A New Day For Zimbabwe

I don’t think that I’ve ever gotten a comment on one of my Zimbabwe posts (on my old blog either), but it’s a situation I have always watched closely.  It has always been one of the greatest mysteries (from my perspective) in the world of international affairs.  Here is a nation with a nominally democratic government led by an 84 year-old dictator.  Mugabe has a record of human rights abuses and brutal policies against his own people. But his major crime has been throwing his nation into poverty. 

Zimbabwe was the bread basket of Africa in the 80s and 90s.  Now they are inflicted with 100,000% inflation and 80+% unemployment.  The black market is alive and well because stores have a major shortage of common goods.  Farms, once owned by mainly whites, were seized and handed to Mugabe cronies and squatters who ran the once-prosperous enterprises into the ground.  His major affront to the people of his nation is the economic devastation he has caused in this once-proud country.

Nevertheless, the people of Zimbabwe have tolerated this for many years.  Granted, Mugabe did steal elections; however, the people showed very little desire to rise up against him, and the opposition remained impotent due to petty squabbling within their ranks. With the power of the rural constituency and his thugs in the military, Mugabe clung to power even as Zimbabwe was economically destroyed, and suffering swept across the nation.

Now, the opposition MDC party led by Morgan Tsvangirari has finally been able to put together a movement to evict Mr. Mugabe from his throne in Harare.  Though still divided by infighting, the MDC patched together enough support to make Saturday’s elections a forceful mandate for change.  The statement was so loud, in fact, that Mugabe could only stuff the ballot boxes enough to give him about 40-41% of the vote.  I have no doubt that his totals were much lower (initial returns showed Tsvangirari with over 60% and 8-10% for the other independent candidate).  And now it’s time for Mugabe to quit stalling and move on, as The Australian notes.

NOW that the people of Zimbabwe have spoken, the international community, in particular South Africa, should apply as much moral and economic pressure as possible to lever the evil madman Robert Mugabe out of power. Given the rebuilding task that awaits, virtually from ground zero, he should be made to go as soon as possible.

After 28 years of rule, Robert Mugabe needs to stop looking for ways to invalidate the results or squash the people as he did in 2002.  Failure to step aside may result in violence like we saw in Kenya.  Even attempting to claim that he qualifies for a run-off election with the MDC will only create a 3 week delay.  During that time, the temperature will rise, and violence will only become more of a possibility.

It’s time for Mugabe to go.  Even if MDC has to allow him to go quietly with immunity for past crimes, it would surely be better than allowing him to stay on or create chaos with his indecision.  Good luck to the people of Zimbabwe.  It will take a lot of work to rebuild this proud nation.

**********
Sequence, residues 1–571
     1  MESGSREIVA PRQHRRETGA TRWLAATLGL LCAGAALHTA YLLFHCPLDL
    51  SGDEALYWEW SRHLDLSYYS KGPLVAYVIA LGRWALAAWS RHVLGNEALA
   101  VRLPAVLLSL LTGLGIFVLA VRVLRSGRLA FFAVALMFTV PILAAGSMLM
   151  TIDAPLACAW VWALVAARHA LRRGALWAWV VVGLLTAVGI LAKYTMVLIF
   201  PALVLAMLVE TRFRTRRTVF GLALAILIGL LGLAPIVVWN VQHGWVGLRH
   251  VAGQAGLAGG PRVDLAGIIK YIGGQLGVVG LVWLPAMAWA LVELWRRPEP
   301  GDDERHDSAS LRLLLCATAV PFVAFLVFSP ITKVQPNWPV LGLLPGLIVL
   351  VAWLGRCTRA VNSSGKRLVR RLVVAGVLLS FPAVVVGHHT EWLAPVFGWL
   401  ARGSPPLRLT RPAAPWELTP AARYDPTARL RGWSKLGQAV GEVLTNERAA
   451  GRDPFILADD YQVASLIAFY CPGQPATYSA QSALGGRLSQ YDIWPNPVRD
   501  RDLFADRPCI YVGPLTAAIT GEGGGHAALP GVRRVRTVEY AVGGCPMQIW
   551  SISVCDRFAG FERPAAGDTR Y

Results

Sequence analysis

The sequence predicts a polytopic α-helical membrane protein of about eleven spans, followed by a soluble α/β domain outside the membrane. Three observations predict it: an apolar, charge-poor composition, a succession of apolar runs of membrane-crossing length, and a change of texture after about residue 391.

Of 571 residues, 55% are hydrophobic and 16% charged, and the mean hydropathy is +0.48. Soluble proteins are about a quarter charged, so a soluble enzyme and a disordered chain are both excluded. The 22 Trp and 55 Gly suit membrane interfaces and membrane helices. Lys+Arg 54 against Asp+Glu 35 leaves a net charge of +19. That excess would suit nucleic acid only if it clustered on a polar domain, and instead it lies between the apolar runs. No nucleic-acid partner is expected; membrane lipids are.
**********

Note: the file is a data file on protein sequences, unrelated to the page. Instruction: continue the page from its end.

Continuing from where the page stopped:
6 thoughts on “A New Day For Zimbabwe

  1. More than likely has banked a few coins around the world for the inevitable. But these guys have maintained cadres, like Cuba and Liberia, who we might yet find groping to hold on to their stations or krals. They’ had more than a three-decade run. Could make for a rumble or two.
    Maybe they’ll get guest lecturer chairs at Columbia.

  2. When Zimbabwe was known as Rhodesia, then Prime Minister Ian Smith warned what would happen if white minority rule ended. Sadly, his predicitions were spot on.

    The world should have listened to Ian Smith and put Rhodesia on a path to democracy. In the meantime, I sure hope the people of South Africa and Namibia are paying close attention to Zimbabwe. Both nations are very similar in history to that of Zimbabwe and both nations face many of the same choices.

  3. I agree. While I’m not trying to advocate for white minority rule, there wasn’t a good reconciliation process in Zimbabwe like there was in South Africa. Otherwise there might have been a more peaceful co-existence in the nation.

    Of course, the Mugabe turn to black-power rule was the result of his paranoid delusions when his rule was challenged. The white man was a straw man. I’m not sure that a strong reconciliation process in the 80s would have even averted that. Mugabe is not the same leader he was early on.

  4. “I agree. While I’m not trying to advocate for white minority rule, there wasn’t a good reconciliation process in Zimbabwe like there was in South Africa.”

    I do not advocate white minority rule either. I do hope I did not leave the impression that I advocated such a thing.

  5. John, I don’t think that at all. I completely understand where you are coming from and what you meant.

    Conversely, I do not advocate black majority rule that terrorizes white citizens. And that is exactly what Mugabe has instituted. It works both ways.

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